Developing a strategy for your Epic Community Connect program [podcast]

Maybe your organization is expanding its footprint by acquiring other organizations, or you want to further develop your relationships with providers or organizations in your community. Whatever your reason for pursuing a Community Connect program, you'll need a rock-solid strategy to ensure you understand pricing, timelines, and scope of services going in.

Lindsey Manzuk, implementation strategy director, and Lauren Piazza, director of Affiliate Solutions, sit down to talk about the tenets of a successful Community Connect strategy and their lessons learned from many extension projects. 

If you'd prefer to read rather than listen, the transcript is below.



Show Notes

[00:00] Intros
[01:13] Definition of Community Connect
[01:52] What we mean by Community Connect strategy
[02:50] The purpose of having a clear strategy
[04:41] Scoping, pricing, and timelines
[05:12] Common struggles and roadblocks
[07:24] Expected length of engagement

Lauren and Lindsey 5.2.18


Lindsey Manzuk: Hi everyone, and thanks for joining today. My name's Lindsey Manzuk, and I am the implementation strategy director here at Nordic, and I am with Lauren Piazza, one of our directors of Affiliate Solutions. Hi Lauren.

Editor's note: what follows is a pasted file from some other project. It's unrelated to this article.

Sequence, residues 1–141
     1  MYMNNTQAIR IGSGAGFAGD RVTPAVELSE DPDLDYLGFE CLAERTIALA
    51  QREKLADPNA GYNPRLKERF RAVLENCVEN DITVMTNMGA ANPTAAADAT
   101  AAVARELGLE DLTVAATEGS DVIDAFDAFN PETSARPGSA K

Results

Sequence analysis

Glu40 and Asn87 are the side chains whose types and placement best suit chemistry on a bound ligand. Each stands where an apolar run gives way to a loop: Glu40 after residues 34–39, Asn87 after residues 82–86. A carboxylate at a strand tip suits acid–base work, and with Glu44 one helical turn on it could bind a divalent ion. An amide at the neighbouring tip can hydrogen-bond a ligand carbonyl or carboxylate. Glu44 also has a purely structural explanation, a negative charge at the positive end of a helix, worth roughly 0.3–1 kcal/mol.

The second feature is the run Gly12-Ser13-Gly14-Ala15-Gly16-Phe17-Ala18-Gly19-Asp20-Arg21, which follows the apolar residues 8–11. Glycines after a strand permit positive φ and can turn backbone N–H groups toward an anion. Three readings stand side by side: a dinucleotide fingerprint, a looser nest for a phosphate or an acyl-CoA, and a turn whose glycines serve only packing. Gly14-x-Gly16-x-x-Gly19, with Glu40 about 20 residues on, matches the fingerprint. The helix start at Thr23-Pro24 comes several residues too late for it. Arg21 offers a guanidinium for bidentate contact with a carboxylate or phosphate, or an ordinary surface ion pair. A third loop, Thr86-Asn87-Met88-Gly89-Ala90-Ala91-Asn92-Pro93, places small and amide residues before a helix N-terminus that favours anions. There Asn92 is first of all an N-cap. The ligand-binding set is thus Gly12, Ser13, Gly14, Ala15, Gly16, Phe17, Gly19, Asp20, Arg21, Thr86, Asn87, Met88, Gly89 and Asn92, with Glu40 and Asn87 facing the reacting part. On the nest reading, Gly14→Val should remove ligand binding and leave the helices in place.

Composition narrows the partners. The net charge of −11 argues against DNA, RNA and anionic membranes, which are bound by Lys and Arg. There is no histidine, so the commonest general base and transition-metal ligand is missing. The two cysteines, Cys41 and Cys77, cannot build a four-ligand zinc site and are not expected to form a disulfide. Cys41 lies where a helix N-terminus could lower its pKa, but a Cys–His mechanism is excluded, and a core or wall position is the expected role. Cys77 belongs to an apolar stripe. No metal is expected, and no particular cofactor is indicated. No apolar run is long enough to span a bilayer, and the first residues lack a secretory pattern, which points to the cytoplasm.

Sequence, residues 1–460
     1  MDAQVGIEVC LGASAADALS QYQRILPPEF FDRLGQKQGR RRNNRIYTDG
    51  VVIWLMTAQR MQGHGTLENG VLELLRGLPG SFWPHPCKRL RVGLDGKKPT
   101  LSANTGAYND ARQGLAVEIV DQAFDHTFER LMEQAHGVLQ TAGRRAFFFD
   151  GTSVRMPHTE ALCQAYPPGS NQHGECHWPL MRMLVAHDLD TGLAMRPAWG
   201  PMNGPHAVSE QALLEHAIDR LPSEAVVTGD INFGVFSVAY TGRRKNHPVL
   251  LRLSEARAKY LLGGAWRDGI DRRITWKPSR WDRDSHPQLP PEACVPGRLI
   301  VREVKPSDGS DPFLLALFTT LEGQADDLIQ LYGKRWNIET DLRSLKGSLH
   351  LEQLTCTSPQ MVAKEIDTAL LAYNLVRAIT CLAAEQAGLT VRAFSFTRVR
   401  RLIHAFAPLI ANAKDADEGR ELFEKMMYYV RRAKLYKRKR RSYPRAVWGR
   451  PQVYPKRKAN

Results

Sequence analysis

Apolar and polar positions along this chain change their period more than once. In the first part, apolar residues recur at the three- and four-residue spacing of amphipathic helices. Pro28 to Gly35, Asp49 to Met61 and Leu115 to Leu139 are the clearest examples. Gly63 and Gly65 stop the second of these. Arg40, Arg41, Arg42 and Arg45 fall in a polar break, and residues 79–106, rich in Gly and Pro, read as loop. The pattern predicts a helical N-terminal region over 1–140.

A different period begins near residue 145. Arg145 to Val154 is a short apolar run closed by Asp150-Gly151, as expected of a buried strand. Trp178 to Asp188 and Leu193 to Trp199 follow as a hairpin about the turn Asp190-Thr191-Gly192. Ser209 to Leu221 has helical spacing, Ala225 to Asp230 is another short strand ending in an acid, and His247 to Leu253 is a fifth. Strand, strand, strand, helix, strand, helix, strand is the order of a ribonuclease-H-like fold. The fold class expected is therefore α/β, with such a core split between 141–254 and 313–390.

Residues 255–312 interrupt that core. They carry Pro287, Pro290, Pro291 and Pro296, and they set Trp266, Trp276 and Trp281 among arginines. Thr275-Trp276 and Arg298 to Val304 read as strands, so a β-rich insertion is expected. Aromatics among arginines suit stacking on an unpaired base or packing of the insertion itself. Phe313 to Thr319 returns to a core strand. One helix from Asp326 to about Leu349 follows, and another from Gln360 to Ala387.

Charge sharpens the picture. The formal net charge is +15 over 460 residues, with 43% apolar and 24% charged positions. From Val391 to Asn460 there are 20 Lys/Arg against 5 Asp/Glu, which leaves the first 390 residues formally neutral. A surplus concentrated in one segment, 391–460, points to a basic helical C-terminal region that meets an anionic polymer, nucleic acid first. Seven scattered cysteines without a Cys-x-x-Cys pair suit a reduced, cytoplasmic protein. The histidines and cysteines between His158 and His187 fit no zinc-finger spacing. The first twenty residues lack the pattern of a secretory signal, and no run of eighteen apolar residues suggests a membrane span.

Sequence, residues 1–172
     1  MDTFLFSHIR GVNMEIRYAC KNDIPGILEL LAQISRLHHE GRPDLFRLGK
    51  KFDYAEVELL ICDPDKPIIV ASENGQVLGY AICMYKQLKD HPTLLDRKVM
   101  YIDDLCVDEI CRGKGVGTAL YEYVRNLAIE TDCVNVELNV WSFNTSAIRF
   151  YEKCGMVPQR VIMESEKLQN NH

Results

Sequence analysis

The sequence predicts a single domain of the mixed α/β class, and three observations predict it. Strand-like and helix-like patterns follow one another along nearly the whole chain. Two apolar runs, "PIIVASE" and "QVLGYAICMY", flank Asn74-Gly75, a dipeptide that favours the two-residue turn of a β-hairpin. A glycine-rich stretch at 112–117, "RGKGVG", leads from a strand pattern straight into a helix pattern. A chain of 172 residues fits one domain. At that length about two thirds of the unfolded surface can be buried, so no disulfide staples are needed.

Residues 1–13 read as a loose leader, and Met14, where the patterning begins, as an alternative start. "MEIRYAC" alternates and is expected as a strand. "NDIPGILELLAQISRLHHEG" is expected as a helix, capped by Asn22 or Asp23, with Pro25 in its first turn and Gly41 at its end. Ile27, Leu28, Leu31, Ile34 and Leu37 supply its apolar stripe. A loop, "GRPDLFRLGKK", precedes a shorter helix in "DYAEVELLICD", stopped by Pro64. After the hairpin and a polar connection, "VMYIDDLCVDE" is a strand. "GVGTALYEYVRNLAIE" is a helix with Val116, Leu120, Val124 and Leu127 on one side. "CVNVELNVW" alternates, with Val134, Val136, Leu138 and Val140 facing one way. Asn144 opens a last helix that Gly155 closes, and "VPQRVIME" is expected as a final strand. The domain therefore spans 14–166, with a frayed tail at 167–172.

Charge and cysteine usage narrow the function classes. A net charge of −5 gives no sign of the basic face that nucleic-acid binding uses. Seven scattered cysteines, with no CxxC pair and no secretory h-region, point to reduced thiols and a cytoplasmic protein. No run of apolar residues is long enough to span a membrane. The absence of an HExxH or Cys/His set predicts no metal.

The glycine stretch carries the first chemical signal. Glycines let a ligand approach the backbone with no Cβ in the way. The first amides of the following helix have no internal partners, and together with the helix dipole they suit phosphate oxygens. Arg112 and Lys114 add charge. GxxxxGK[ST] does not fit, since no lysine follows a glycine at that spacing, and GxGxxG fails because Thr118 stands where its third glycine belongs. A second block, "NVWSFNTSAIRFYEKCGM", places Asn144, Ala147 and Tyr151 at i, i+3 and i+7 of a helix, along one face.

Lauren Piazza: Hi Lindsey. How are you doing today?

Lindsey: Great. So today, we're going to talk a little bit about Community Connect program strategy. Lauren, maybe taking a step back, could you just level set with us, and remind us what Community Connect means?

Lauren: Sure. Community Connect is Epic's methodology of extending your Epic instance to non-owned community providers.

Lindsey: Great, thanks. And then why might an organization put together a Community Connect program?

Lauren: Sure. Common themes that we see why clients put together a Community Connect program is because they want to expand their footprint, they want to further develop their relationships with community providers or organizations in their community. Obviously, the idea of having one shared patient record is a big draw to expanding to have a Community Connect program.

Lindsey: Right, well thank you for that background. When you say Community Connect strategy, what does that mean?

Lauren: Sure. In our Community Connect strategy projects, we create a framework for a comprehensive Community Connect program and provide guidance around developing policies and governance models necessary to stand up and sustain a successful Community Connect program. So part of that is really creating a repeatable process, and with that I kind of want to call out the caveat of a repeatable process is generally more outpatient focused.

Lindsey: So on the inpatient side, do you typically see that every hospital is a little different, so you can't necessarily make more of a cookie cutter strategy that you then execute?

Lauren: Exactly, depending on a hospital sites, what services they provide to the community, as well their size. It's really difficult to say, "This is our hospital Community Connect program."

Lindsey: Makes sense. So, if an organization is looking to do outpatient Community Connect, why do we recommend that they actually undertake this sort of initial strategy portion before just diving in?